Duplex Stainless Steel Pipe Market : Rising Trends with Top Countries Data, Technology and Business Outlook 2020 to 2026

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Sep 28, 2020 (The Expresswire) —
Duplex Stainless Steel Pipe Market” is valued at 464.2 million USD in 2020 is expected to reach 556.7 million USD by the end of 2026, growing at a CAGR of 2.6% during 2021-2026, According to New Research Study. 360 Research Reports provides key analysis on the global market in a report, titled “Duplex Stainless Steel Pipe Market by Types (Lean Duplex, Standard Duplex, Super Duplex, Hyper Duplex), Applications (Offshore Oil and Gas, Chemical Process Industry, Chemical Tankers / Shipbuilding, Desalination / Water Treatment, Pulp and Paper, Air Pollution Control, Architectural, Building and Construction, Others) and Region – Global Forecast to 2026” Browse Market data Tables and Figures spread through 120 Pages and in-depth TOC on Duplex Stainless Steel Pipe Market.

COVID-19 can affect the global economy in three main ways:

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Why Are Home Prices Rising So High? Blame Record-Low Mortgage Rates

When the coronavirus pandemic gutted the strongest U.S. economy, many assumed another recession would bring rock-bottom home prices along with it. Instead, home prices defied logical assumptions—and soared to new heights.

Paradoxically enough, one of the biggest drivers of the double-digit price hikes is the very same record-low mortgage interest rates that put homeownership within reach for the masses. They fell to a new all-time low of 2.81% in the week ending Oct. 15, according to Freddie Mac. That’s shaved a considerable amount off of monthly mortgage payments, allowing buyers to stretch their budgets further.

Those get-’em-before-they’re-gone rates are giving folks who are still employed and have been mulling purchasing a new home a bad case of FOMO. Add in months of being cooped up at home, and suddenly there’s a flood of buyers seeking larger homes, often with home offices and big backyards. That’s ratcheted up demand just as

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CMBS Foreclosures Start Rising As Hotel Defaults Break 50% In Some Cities


The market for commercial mortgage-backed securities, particularly hotels and retail, continues to worsen with no sign of an imminent turnaround.

The September edition of CMBS analysis firm Trepp’s monthly report found that 26% of hotel-backed CMBS loans are in special servicing, while the same is true for 18.3% of CMBS loans tied to commercial retail properties. Both sectors’ special servicing rates are the highest on record, while industrial, office and multifamily all have below 3% of their CMBS loans in special servicing.

Luxury hotels in major cities seem to be the hardest-hit subsection of the hospitality industry because they are more dependent on business travel and large events that remain all but nonexistent across the country.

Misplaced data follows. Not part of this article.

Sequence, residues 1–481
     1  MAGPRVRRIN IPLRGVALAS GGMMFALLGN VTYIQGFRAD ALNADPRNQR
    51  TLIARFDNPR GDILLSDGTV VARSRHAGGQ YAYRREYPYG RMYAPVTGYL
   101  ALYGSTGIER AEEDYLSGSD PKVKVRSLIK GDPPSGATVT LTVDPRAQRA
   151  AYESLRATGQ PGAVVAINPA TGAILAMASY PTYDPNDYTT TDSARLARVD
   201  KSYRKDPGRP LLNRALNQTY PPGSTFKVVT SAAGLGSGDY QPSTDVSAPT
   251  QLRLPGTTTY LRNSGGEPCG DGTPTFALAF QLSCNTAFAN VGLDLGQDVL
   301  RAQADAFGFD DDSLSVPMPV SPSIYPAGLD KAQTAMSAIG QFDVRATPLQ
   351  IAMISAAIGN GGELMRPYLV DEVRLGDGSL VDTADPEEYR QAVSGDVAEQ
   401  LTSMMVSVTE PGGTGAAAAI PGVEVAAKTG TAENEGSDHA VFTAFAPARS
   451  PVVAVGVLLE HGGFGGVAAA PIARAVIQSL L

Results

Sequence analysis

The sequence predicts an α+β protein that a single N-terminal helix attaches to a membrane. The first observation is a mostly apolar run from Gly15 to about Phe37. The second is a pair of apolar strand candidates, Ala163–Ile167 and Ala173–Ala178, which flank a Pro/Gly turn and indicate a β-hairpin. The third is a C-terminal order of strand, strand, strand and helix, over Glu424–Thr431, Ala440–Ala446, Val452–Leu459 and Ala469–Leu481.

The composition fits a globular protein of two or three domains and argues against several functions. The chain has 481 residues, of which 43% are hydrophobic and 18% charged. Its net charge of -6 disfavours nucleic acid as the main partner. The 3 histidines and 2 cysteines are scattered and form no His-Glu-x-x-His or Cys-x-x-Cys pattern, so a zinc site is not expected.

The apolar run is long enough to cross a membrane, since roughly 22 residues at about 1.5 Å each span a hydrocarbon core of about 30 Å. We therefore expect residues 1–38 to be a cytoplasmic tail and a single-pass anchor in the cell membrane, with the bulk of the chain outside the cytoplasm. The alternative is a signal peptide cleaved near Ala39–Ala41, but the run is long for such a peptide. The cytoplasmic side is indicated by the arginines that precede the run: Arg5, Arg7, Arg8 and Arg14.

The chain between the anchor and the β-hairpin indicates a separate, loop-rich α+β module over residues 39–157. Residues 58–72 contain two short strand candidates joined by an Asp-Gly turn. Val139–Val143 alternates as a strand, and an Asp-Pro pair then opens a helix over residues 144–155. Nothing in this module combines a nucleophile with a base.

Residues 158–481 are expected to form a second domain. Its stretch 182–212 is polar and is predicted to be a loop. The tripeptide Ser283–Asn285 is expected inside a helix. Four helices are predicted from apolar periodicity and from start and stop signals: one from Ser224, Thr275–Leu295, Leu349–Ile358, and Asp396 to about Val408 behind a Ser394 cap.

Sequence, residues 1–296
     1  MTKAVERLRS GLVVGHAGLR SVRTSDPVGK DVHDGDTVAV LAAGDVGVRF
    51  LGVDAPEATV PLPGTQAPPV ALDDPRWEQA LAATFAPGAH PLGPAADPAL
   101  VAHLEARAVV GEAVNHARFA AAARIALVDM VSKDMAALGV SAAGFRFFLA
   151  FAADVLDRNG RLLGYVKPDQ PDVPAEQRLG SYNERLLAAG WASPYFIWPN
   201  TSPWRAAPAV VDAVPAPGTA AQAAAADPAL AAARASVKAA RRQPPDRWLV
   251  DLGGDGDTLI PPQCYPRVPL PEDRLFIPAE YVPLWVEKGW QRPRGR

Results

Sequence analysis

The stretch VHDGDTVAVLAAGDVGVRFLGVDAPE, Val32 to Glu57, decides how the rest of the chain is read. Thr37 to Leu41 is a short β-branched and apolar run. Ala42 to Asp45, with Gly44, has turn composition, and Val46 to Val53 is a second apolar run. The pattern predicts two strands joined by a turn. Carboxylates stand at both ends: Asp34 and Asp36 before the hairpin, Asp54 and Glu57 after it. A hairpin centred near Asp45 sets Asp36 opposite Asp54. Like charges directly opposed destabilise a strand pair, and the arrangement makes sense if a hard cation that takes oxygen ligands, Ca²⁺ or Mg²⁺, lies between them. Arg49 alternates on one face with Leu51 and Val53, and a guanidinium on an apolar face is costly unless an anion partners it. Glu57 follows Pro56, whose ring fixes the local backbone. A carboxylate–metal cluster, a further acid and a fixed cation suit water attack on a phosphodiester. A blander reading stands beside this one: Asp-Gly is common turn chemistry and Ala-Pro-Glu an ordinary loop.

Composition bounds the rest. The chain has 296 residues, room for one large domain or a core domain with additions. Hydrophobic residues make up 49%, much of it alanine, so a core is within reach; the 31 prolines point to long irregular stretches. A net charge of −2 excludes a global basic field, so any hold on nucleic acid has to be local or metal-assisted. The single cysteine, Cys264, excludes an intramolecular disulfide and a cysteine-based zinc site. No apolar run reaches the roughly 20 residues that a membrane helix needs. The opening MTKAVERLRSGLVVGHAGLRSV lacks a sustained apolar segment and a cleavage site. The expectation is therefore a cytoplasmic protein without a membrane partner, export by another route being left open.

Hotels in Houston, which has also been hurt by the oil industry’s struggles, hit a 69% delinquency rate in September, according to Trepp data obtained by Commercial Mortgage Alert. Just over 50% of Chicago’s

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Perfect Storm For Realty Investors: Rising Vacancies And Falling Rents

In Piketty and the decline of dirty mansions, Dylan Reid reminds of the debt-driven economic boom that built large single-family mansions in the early 20th century. Many were converted to more efficient and affordable multiple-unit dwellings in the bust years that followed. In the process, working people who had been priced out of many areas could move into affordable housing in nice neighbourhoods with good access to transportation, services and schools. Social and economic strength improved as they did.

Another debt boom worked to reverse the trend over the last 15 years, as many of the same buildings were remodelled back to large single-family dwellings and nice rentals became scarce and prohibitively expensive.

Condo buildings, institutional dwellings for students and seniors, and office and commercial space became “no-brainers” since they could be purpose-built in scale by yield-starved investors willing to buy with thin and even negative cash flow prospects.


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Here’s where Oregon home values are rising the fastest

To ascertain its ratings, SmartAsset used three factors: Property tax rates, school ratings and average home value growth.

PORTLAND, Ore — With no sales tax, Oregon relies heavily on property taxes to fill its general fund coffers. Yet that rate, according to a national researcher, still sits below the national average.

So reports a new study from SmartAsset, a financial technology company that also provides research on an array of topics. The company revealed the good news for Oregon in an accompanying rankings of state counties by home values.

Overall, Oregon’s effective property tax rate in Oregon is 1.04 percent, below the U.S. average currently of 1.08 percent.

VIEW SLIDESHOW: The 10 Oregon counties where home values are rising the fastest

To ascertain its ratings of which counties where home values have risen the most, SmartAsset used three factors: Property tax rates, school ratings and average home value growth. It

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